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The Wizard of Oz (1939)
The Wizard of Oz is a 1939 American musical fantasy film produced by Metro-Goldwyn-Mayer. It was directed primarily by Victor Fleming. Noel Langley, Florence Ryerson and Edgar Allan Woolf received credit for the screenplay, but there were uncredited contributions by others. The lyrics for the songs were written by E.Y. Harburg, the music by Harold Arlen. Incidental music, based largely on the songs, was by Herbert Stothart, with borrowings from classical composers. Based on the 1900 children's novel, The Wonderful Wizard of Oz by L. Frank Baum, the film stars Judy Garland, Ray Bolger, Jack Haley, Bert Lahr, and Frank Morgan, with Billie Burke, Margaret Hamilton, Charley Grapewin, Clara Blandick and the Singer Midgets as the Munchkins. Notable for its use of special effects, Technicolor, fantasy storytelling and unusual characters, it has become, over the years, one of the best known of all films. Although it received largely positive reviews, it was initially a box office failure. The film was MGM's most expensive production up to that time, but its initial release failed to recoup the studio's investment. Subsequent re-releases made up for that, however.
Oz was groundbreaking in a number of ways, most obviously in its visual impact. Movies in color had been made for a while, but most films in 1939 were still in black and white, so the gimmick of beginning in B&W and shifting to Technicolor was very effective. Some of the special effects were advanced at the time (and are still one of the movie's strengths). One of the most famous sequences, the tornado which sweeps across the farm fields, was created by filming a windsock being blown around by electric fans. It's more realistic and believable than the computer-generated tornadoes in the movie Twister, made 57 years later. That's progress.
The Wizard of Oz had been around a while as a book and stage play, but the makers of the film started over with new songs and new ideas. The original book by L. Frank Baum is not one of the greatest children's books, lacking the moral depth of C.S. Lewis, Tolkien, and so on -- but it worked well on the screen, maybe because its random nonsense resonated with the sensibility of Hollywood. Supposedly, Baum's book is a quasi-political allegory about issues, such as the gold standard, which were current in 1900: The heartless Tin Man represents big business, the brainless Scarecrow represents the farmer, and so on. Fortunately, none of that comes through in the movie, which (like the recent versions of Tolkien's books) was more about entertainment and eye candy. Reassured by the book's popularity, the filmmakers poured ideas and imagination into the screenplay, confidently hired all the midgets they could find, and spent a lot of creativity and money on creating weird props and effects like the winged monkeys (which are as creepy now as they were then) and didn't worry about what audiences would react.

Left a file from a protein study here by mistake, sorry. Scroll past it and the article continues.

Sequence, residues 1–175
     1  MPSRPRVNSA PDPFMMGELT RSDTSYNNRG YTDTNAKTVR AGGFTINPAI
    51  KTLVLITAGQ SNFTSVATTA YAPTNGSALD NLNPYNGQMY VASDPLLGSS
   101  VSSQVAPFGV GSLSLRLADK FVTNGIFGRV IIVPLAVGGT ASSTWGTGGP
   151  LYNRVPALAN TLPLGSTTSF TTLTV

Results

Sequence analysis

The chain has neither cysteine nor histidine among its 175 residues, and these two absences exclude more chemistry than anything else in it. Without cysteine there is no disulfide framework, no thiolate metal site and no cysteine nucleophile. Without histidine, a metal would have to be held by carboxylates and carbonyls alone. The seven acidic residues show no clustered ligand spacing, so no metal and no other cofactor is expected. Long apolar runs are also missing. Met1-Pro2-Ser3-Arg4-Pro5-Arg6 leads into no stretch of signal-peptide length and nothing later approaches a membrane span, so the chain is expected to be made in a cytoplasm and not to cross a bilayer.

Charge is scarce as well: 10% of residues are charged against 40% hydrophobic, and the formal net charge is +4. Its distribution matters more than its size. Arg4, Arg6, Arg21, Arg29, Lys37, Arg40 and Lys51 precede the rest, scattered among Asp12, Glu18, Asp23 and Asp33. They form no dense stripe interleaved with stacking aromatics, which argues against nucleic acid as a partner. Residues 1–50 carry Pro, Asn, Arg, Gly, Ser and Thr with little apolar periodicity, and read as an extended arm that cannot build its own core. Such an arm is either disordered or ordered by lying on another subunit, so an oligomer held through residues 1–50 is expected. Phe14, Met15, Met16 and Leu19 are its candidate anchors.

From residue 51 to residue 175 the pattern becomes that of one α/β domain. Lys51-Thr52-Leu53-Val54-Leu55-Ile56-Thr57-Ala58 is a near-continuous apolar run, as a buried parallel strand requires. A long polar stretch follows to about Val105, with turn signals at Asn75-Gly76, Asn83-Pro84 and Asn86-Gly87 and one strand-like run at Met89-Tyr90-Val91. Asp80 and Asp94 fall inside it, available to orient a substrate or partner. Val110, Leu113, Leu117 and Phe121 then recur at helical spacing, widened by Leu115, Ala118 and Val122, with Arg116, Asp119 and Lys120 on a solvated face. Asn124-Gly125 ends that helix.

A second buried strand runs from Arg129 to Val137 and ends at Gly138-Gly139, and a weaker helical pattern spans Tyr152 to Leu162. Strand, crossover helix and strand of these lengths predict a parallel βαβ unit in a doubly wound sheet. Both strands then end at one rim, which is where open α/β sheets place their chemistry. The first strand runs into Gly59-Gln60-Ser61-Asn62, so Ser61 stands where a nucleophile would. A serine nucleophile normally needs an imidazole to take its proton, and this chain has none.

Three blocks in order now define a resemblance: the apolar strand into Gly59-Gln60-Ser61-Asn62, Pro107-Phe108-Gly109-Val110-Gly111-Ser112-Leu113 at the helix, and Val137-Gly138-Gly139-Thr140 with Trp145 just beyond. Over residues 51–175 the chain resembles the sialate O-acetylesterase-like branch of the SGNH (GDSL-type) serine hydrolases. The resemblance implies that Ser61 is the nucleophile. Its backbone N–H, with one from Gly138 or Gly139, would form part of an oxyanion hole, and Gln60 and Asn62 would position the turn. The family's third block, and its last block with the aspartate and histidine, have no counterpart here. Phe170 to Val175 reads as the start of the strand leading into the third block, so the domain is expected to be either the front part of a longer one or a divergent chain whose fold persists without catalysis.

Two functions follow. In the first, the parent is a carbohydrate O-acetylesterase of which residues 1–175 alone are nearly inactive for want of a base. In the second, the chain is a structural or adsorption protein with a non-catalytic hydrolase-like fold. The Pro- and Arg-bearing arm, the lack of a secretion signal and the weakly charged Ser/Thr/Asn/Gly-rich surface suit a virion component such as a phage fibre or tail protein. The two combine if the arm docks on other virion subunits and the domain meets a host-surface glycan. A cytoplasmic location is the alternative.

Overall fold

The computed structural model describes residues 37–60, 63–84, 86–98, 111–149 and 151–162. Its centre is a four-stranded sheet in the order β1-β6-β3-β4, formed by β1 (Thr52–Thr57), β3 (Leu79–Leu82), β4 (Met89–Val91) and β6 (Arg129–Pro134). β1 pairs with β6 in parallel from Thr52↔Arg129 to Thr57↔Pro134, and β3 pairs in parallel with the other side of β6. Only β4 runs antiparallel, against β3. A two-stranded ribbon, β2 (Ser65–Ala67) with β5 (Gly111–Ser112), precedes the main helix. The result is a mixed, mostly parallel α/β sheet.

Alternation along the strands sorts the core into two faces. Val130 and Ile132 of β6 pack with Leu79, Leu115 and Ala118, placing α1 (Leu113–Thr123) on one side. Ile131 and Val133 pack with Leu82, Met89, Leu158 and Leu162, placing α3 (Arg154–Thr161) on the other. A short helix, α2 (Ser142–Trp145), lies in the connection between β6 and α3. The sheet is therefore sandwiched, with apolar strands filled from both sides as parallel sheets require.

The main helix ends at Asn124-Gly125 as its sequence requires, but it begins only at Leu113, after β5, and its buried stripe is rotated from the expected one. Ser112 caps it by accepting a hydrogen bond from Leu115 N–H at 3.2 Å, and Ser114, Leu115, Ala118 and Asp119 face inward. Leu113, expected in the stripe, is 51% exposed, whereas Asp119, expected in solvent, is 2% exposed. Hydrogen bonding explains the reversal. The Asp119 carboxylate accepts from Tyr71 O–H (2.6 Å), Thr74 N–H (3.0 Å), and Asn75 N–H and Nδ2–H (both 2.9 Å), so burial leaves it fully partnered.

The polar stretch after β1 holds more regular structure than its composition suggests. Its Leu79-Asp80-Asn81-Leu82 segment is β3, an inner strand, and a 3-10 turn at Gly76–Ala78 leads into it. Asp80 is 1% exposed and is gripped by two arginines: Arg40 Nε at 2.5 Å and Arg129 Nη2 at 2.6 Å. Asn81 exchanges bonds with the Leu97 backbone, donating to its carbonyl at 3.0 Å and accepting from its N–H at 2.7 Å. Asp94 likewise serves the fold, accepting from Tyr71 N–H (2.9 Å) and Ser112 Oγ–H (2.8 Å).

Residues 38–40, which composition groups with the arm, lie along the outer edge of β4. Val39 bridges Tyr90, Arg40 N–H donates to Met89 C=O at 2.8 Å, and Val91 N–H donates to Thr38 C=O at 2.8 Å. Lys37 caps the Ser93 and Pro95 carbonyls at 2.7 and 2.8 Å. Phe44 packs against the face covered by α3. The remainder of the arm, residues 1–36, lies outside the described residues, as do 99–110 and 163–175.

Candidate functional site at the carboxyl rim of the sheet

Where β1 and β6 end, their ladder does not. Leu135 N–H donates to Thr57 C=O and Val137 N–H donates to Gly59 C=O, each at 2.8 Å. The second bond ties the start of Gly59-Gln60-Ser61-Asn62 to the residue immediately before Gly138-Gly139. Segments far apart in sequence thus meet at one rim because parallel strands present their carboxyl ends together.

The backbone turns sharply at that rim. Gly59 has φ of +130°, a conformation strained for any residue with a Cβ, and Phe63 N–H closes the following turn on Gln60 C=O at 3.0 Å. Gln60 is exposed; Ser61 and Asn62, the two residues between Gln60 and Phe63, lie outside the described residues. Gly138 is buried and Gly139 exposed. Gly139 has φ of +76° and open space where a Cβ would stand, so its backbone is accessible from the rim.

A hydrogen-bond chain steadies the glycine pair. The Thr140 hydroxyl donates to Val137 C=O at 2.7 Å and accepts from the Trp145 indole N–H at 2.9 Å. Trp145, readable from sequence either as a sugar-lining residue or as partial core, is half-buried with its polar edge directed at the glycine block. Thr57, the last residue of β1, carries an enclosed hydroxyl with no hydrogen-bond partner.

The filmmakers' imaginative touches make the film memorable today, though Oz cost so much, in 1939 dollars, that it barely broke even on its first release. Fortunately, that lesson was not learned by MGM before the studio shot the works again on its next project, Gone With the Wind (which was worth every dime).
Speaking of taking risks, the first half-hour of Oz is not only colorless but slow-paced and melodramatic, the filmmakers' idea of life in Kansas. But it's watchable. Then the tornado delivers Dorothy from her poor, colorless family and lands her in movie-land, and she spends the rest of the film figuring out that life in Kansas isn't as bad as the first half-hour of the film makes it look. The moral is simple ('there's no place like home'), but that doesn't mean it's not a good one.
The Wizard of Oz isn't personally one of my favorite pictures, but it's hard to criticize a film which did so much to open up the possibilities of movies. In a sense, most subsequent fantasy and sci-fi films are tributes, if not remakes of Oz. It's not so much a kids' movie as an adults' version of a kids' movie, but that's OK -- some of the best books and movies of all time were written for children, but with adult overtones. A morality play with sophisticated touches, The Wizard of Oz is a staple of family cinema and it's likely to be part of our collective consciousness for a long time.
The new three-disc Special Collector's Edition DVD is a real treasure. The film itself is restored and updated with 5.1 sound, and the remaining discs comprise a pile of deleted scenes, home movies, newsreels, radio promos, and various shorts and features -- including the 1914 and 1925 versions of the film. You also get a packet of printed collectables, including reproductions of the original program and invitations from the premiere. An exhaustive and impressive set.